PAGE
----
Spotlight on India

My husband and I are taking the Spotlight on India Tour in November 2016. I'm just curious as to what to wear? I've read that it is custom for travelers to wear Indian clothing, and appreciated by the people, you will garner more respect, etc.; however, on all pics posted I've not noticed that to be the case. Any advice would be greatly appreciated!

Comments

  • No one on our tour wore Indian clothing, but our American female tour director did, overshirt and pants. You certainly want to wear clothing that covers most of your body. Many of the women in our group wore nothing but black clothing, such a shame in such a colorful country. I wore my usual colorful collection of clothing and scarves.
  • We did the Portrait tour in January, and while no one specifically wore Indian clothing, I think most of us (the ladies) picked up a piece or two along the way and featured it at sometime...nothing too radical, but just a cotton top or a silk tunic (wonderful selections in Udaipur). There will be many opportunities for pashminas (the real thing) and beautiful shawls. For the most part the ladies wore tee shirts and/or blouses and long pants. Since our tour also covered the much warmer south, we also brought some lighter weight clothing (linen pants, etc.). As a tourist, I felt that respect was earned by attitude and behavior not clothing. Oh, and as an American you will pretty much stick out like a sore thumb and many people will ask to have a photo taken with you! Even in cosmopolitan Mumbai we were asked for photos...go figure!
  • Thanks for the information - I don't want to stick out anymore than I have to! I know that is absolutely impossible with fair skin and short blonde hair.
  • Ladies may find it fun to wear Kameez as the top with their pants. Look for the ones that are half or three-quarter sleeved and about knee length. You can get them in the fabric of your choice, silk, cotton or linen. See for example:

    https://www.google.com/search?q=kameez&espv=2&biw=1208&bih=567&tbm=isch&tbo=u&source=univ&sa=X&ved=0ahUKEwj6nqrtjY3OAhVB_mMKHYT4CQoQ7AkIPA

    Similarly, men may get tops known as Jubba and wear them with their trousers. Look for the ones that are full sleeves and knee length, in cotton, silk or linen. see for example:

    https://www.google.com/search?q=jubba&espv=2&biw=1208&bih=567&tbm=isch&tbo=u&source=univ&sa=X&ved=0ahUKEwjlnIGkkI3OAhVEyWMKHQy4DM4Q7AkIRA

    Have Fun.
  • edited July 2016
    With no intention to offend anyone...I always laugh about how stressed people get regarding dress codes, customs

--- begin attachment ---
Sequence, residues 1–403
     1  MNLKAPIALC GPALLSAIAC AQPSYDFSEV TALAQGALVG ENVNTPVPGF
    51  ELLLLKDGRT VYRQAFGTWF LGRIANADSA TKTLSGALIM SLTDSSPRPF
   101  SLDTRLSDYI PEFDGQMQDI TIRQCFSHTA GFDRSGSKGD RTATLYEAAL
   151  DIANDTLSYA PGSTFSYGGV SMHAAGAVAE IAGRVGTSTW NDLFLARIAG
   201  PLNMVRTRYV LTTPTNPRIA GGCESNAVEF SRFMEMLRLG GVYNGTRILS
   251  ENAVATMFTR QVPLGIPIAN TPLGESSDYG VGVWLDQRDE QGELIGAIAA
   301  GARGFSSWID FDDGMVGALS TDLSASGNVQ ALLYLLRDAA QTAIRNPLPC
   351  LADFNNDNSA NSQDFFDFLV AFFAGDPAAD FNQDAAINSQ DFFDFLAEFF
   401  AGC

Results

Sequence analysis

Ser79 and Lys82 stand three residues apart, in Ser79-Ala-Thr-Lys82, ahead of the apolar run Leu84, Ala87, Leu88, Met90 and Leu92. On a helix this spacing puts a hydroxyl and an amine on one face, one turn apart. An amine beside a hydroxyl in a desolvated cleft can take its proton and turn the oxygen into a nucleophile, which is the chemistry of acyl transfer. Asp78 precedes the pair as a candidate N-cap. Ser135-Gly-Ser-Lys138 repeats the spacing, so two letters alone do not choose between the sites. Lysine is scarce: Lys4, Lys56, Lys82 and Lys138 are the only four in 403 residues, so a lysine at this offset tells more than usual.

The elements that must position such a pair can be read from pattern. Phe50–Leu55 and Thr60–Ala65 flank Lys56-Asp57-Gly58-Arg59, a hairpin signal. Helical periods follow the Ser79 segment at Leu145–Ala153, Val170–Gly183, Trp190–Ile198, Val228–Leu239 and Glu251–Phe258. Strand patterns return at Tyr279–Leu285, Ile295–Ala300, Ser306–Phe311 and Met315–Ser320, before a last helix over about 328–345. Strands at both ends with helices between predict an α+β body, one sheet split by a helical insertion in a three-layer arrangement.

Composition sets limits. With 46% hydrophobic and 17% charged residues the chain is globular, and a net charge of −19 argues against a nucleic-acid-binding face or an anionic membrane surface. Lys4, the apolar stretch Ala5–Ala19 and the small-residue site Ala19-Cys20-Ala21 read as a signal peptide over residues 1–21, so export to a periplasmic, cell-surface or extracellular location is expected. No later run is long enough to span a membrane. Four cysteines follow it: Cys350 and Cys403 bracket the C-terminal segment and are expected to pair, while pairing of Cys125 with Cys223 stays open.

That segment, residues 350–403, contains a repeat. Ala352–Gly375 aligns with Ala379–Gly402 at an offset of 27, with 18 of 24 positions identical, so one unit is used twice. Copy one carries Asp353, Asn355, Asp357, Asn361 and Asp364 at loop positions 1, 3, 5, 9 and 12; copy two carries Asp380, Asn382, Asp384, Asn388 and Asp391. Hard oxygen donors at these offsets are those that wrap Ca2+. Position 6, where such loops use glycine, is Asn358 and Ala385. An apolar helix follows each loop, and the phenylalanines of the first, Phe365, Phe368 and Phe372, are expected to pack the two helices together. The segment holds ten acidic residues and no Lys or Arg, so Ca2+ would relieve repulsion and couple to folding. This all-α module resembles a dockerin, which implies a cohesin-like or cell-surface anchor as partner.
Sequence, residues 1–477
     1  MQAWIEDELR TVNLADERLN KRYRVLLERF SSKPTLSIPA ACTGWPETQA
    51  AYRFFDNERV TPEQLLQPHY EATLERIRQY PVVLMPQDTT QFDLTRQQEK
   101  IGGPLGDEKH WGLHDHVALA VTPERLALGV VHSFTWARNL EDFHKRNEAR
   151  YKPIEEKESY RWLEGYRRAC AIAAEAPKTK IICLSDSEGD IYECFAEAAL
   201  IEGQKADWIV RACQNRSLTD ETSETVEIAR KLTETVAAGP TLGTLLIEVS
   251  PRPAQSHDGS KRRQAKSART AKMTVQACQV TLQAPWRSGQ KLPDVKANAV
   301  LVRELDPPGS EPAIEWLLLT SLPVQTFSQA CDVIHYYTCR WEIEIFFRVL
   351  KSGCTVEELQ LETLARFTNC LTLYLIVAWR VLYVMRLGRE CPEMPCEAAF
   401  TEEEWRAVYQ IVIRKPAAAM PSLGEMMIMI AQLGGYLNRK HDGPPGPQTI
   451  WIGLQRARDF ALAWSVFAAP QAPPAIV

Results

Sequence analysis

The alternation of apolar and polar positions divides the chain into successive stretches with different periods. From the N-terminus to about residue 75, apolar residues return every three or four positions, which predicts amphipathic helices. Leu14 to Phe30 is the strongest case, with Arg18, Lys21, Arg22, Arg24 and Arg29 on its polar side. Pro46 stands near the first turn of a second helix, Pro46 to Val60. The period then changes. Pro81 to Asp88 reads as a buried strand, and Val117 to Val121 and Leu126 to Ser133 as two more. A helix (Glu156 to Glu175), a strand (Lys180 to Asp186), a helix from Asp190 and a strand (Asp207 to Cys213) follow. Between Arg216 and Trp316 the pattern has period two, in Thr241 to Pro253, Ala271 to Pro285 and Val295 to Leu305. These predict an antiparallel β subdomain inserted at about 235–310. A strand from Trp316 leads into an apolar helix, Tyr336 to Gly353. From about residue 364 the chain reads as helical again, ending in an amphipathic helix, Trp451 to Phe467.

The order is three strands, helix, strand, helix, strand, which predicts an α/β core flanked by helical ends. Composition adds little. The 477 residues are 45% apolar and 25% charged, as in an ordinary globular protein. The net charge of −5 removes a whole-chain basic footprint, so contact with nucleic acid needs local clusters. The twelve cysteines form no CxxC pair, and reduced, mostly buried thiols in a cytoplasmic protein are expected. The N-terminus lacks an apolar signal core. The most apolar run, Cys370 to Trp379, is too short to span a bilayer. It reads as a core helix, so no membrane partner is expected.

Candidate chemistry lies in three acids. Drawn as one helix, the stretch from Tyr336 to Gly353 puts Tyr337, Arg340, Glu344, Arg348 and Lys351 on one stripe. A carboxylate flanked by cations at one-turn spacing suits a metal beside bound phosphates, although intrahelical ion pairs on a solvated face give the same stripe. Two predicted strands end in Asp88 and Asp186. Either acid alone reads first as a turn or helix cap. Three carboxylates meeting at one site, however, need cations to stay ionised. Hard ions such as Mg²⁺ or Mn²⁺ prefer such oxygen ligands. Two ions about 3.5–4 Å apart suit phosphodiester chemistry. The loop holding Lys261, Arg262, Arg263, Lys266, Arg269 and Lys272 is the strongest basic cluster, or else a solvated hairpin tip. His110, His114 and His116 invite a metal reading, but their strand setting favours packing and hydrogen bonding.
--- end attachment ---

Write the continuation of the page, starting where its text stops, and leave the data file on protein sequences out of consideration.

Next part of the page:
etc... I even have a girlfriend who spend a fortune buying Sari's for her and her daughter... for her trip to India, to find
    out the dress just like us here in U.S . (jeans, capris, long pants etc.) as well as their own typical local clothes. Remember, India is very up to date in fashion , technology etc..
    So people, just dress as you would in your own country always considering and respecting their culture and traditions. Wear long pants when visiting temples as well as either long sleeves or take with you a scarf to cover, which I always do anyways... they can become handy.
    I personally keep as my travel wardrobe ..3 sets of travelling capris , bunch of cotton shirts (which I renew in a yearly basis) with std sleeves and also the 3/4. 1 pair of travelling tennis shoes, 1 sandals, flip flops and 1 std dressy black pair of shoes.. than depending on the trip I add on more dressy, more casual, hot-cold clothes as needed.
    It's very easy. :)))

    JOYCESW. I do have a question regarding the many opportunities for pashminas. Where would you recommend?
    are these many oppt. within the tour or on your own? I'm going next Oct. and my mother plans on doing some shopping. :)
    I would appreciate your advice.

    Thanks
  • edited July 2016
    I don't know where your girlfriend went in India, but there are plenty of places you visit on the Tauck tour where the women do not wear western clothing, especially Varanasi, I doubt the people could even afford to buy Western clothing. And they would not be comfortable making cow poo patties in capris. There are places where you will not see any women because they are kept inside the house. After my Spotlight tour, I would recommend the following footwear ----do not wear any flip flops or open toe sandals because you spend a lot of time dodging cow poo on the streets. Cow poo between the toes is not nice. Only take shoes that you can either throw away or wash thoroughly when you return home. Ok you can take one pair of something decent if you are not going out in the evening. After the first day, I kept to just my teva type sandals outside, I had another pair but did not want to contaminate those. Make sure you have plastic bags to isolate sheoes you have worn for your suitcase.
    Pashminas vary considerably from the $5 type you can buy on the streets of New York to hundreds of dollars for the beautifully crafted ones. I think I paid no more than about $40 for some with a silky feel to suit how I use them, for me I could not justify paying any more. There are plenty of opportunities, from the hotel stores, airports, Udaipur. They also took us to a craft type center that had them and also some special paintings, we bought three of them. Can't remember where that was.